The following is a contributed article by Alex Gilbert, project manager at the Nuclear Innovation Alliance and Morgan Bazilian, executive director of the Payne Institute for Public Policy at the Colorado School of Mines.
As global economic activity has rapidly ground to a halt, energy markets have witnessed a rapid, unprecedented drop in demand. While economic impacts on electricity markets and investment so far have been limited compared to oil and gas markets, substantial short-term uncertainty could complicate long-term investment decisions. Nevertheless, the operational and demand effects are wide-ranging.
The most pronounced impact for electricity markets has been a decrease in demand. Due to social distancing and quarantine policies throughout all major economies, total electricity demand has generally fallen by around 5-10%. Adjusting for weather remains an analytical challenge, as do accounting for regional differences in electric supply and industrial, commercial and residential demand. Further, estimates vary significantly by region, with EPRI finding peak and average demand down by as much as 22% in Italy, 15% in Spain and 7% in California and New York.
A natural experiment
The demand situation is creating an unexpected natural experiment in managing variable renewable energy sources. According to IEA Executive Director Fatih Birol, the demand drop “fast forwarded some power systems 10 years into the future” in regards to integrating high percentages of renewable energy. As evidence of this, curtailment, a key form of renewable flexibility, has increased.
Declining energy demand is leading to large decreases in greenhouse gas and local air pollution. Multiple analyses using satellite and local air quality monitoring identified significant reductions in China, Italy and the United States. While electricity is only a portion of the declines, cleaner air is a sign of both the severity of the downturn and the potential future of a clean energy system.
However, depending on policy design or regulatory discretion, this lower pollution is unlikely to stay for long. Additionally, environmental regulators may relax operator restrictions. As an example, in China, there is concern about lessened pollution regulations to jumpstart economic activity. In the US, the EPA has indicated it may limit enforcement activity if coronavirus mitigation measures impact pollution control measures.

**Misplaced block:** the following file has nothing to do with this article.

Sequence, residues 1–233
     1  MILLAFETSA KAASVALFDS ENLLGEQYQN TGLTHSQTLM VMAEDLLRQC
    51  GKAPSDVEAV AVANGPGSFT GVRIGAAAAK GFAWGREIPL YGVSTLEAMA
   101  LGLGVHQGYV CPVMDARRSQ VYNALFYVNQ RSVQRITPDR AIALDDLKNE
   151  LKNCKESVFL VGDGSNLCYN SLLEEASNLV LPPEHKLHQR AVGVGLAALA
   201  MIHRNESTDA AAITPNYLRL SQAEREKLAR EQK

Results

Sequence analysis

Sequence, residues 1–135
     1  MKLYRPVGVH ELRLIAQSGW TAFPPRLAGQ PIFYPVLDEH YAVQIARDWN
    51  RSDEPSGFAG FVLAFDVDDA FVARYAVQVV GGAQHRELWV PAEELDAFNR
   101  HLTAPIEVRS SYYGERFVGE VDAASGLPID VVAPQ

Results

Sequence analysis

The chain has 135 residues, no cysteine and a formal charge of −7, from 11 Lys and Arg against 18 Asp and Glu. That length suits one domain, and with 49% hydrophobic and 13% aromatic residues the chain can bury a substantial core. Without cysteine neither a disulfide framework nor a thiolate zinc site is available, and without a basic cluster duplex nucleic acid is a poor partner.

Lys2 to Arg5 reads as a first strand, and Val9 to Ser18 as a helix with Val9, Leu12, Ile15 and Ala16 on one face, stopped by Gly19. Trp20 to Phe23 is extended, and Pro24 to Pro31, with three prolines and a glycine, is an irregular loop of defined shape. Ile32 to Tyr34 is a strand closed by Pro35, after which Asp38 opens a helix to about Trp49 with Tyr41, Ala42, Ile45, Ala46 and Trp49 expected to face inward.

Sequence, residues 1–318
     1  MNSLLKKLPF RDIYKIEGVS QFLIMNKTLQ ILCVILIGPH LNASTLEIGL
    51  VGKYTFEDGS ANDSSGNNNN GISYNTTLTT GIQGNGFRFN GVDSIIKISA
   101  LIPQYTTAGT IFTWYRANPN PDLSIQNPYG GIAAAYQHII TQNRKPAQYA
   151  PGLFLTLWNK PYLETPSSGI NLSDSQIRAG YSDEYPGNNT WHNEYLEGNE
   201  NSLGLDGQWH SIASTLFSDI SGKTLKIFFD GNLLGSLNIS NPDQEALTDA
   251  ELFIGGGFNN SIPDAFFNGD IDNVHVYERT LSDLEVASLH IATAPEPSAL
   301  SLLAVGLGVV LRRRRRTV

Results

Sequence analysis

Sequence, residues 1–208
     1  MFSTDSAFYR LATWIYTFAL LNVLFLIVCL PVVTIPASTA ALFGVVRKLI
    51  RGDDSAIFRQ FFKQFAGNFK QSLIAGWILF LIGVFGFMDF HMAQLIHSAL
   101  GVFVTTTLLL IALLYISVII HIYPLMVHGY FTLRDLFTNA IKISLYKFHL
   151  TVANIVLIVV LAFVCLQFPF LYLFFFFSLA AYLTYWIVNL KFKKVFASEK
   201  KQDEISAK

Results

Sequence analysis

Electricity prices are falling due to low seasonal demand, reduced demand from quarantines, and from falling input energy prices. Oil, LNG, coal and domestic natural gas demand have all collapsed, with subsequent declines in prices for each commodity, LNG prices are notable for reaching record lows below $3/mmbtu. Large LNG importers, including Japan, South Korea and Europe, often rely on LNG as a marginal fuel.
In the United States, persistent oversupply from shale gas production, including associated gas from oil wells, had led to very low natural gas prices before coronavirus struck. Now with a domestic energy crunch and the potential for reduced LNG exports, front-month natural gas contracts are trading between $1.50-1.80/mmbtu. A model for Europe found coronavirus impacts could reduce power prices by 9%.
Construction and operation impacts
Beyond demand and prices, concerns about coronavirus are impacting construction and operations activities for the electric sector. Many projects are being placed on hold or are outright canceled, including energy efficiency. Although existing renewables are unlikely to be impacted, new projects may be delayed or cut as industrial and commercial customers exercise financial caution during the outbreak. Further, supply challenges for renewable energy, particularly from solar due to China’s prolonged lockdown, threaten current projects.
Similarly, operations and maintenance activities are being deferred. This is especially problematic for nuclear fleets, which often conduct refueling and planned operations outages in the spring. Almost all nuclear plants in the U.S. have a least one planned outage this spring or fall, as do many plants globally. Requiring over a thousand workers, often from out of town, there is limited ability to delay refueling. Companies are trying to minimize downtime and worker exposure by deferring O&M activities but refueling is needed to ensure the facilities can keep operating.